Please use this identifier to cite or link to this item: http://hdl.handle.net/10316/42128
Title: Beyond Abyssal Thinking: From Global Lines to Ecologies of Knowledges
Authors: Santos, Boaventura de Sousa 
Issue Date: 2007
Publisher: Binghamton University
Serial title, monograph or event: Review
Volume: 30
Issue: 1
Place of publication or event: New York
Abstract: Modern Western thinking is an abyssal thinking. It operates through radical lines that divide social reality into two realms, the realm of “this side of the line” and the realm of “the other side of the line.” The division is such that “the other side of the line” vanishes as reality, becomes nonexistent, and is indeed produced as nonexistent. What most fundamentally characterizes abyssal thinking is thus the impossibility of the copresence of the two sides of the line. The other side of the abyssal line is the realm of beyond legality and illegality (lawlessness), of beyond truth and falsehood (incomprehensible beliefs, idolatry, magic). These forms of radical negation together result in a radical absence, the absence of humanity, modern subhumanity. This article argues that although colonialism provided the model for modern radical negation and exclusion, this is as true today as in the colonial period. Modern Western thinking goes on operating through abyssal lines that divide the human from the subhuman in such a way that human principles don’t get compromised by inhuman practices. First, the tension between regulation and emancipation (on this side of the line) continues to coexist with the tension between appropriation and violence (on the other side of the line) in such a way that the universality of the first tension is not contradicted by the existence of the second one. Secondly, abyssal lines continue to structure modern knowledge and modern law. Thirdly, these two abyssal lines are constitutive of Western-based political and cultural relations and interactions in the modern world-system. The struggle for global social justice must, therefore, be a struggle for global cognitive justice as well. In order to succeed, this struggle requires a new kind of thinking, a postabyssal thinking.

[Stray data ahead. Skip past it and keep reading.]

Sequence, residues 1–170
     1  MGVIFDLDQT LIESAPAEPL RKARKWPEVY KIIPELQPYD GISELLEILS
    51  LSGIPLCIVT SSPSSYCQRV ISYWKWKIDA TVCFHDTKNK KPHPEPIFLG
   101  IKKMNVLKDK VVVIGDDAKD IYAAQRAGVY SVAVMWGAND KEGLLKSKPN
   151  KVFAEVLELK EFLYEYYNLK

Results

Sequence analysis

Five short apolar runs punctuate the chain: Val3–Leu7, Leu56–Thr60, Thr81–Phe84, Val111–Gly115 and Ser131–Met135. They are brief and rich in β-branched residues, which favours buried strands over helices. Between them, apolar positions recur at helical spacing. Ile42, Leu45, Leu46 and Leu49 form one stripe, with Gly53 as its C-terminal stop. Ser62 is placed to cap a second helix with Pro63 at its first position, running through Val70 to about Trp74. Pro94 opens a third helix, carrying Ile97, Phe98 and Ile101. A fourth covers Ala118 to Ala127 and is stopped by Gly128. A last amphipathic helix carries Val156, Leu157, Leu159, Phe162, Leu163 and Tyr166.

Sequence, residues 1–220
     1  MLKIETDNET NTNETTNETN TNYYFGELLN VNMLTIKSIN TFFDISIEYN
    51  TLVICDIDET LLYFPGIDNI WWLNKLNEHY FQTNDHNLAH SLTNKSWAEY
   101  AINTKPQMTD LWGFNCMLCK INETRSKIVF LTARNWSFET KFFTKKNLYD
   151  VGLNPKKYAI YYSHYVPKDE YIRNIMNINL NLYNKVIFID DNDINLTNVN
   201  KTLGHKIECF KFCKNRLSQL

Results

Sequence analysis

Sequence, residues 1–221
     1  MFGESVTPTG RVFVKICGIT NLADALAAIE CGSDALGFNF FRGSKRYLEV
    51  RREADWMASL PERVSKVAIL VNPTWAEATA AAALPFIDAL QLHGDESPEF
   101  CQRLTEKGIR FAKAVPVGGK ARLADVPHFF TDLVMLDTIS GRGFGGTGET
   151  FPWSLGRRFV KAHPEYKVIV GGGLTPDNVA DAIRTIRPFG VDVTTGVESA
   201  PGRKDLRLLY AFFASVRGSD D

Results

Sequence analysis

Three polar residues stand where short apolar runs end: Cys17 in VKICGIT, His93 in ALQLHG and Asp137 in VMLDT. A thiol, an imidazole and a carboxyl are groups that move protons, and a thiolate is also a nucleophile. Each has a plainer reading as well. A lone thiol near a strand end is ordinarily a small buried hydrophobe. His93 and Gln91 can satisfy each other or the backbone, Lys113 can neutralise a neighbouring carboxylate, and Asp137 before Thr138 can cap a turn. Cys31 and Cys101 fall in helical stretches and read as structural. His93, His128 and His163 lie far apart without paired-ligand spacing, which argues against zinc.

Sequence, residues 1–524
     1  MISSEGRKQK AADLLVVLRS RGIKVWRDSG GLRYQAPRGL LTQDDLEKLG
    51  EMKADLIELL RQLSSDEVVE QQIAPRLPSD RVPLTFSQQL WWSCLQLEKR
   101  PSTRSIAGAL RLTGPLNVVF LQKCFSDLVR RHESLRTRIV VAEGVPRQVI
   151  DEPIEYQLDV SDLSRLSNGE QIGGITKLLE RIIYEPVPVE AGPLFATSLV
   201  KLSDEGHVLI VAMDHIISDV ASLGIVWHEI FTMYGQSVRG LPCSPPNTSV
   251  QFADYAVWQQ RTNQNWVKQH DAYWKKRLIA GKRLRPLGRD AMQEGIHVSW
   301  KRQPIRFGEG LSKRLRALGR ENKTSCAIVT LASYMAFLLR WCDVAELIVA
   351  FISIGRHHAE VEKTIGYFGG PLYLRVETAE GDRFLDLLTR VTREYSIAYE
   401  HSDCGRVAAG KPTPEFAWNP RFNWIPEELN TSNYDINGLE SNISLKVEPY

URI: http://hdl.handle.net/10316/42128
ISSN: 0147-9032
Rights: openAccess
Appears in Collections:I&D CES - Artigos em Revistas Internacionais

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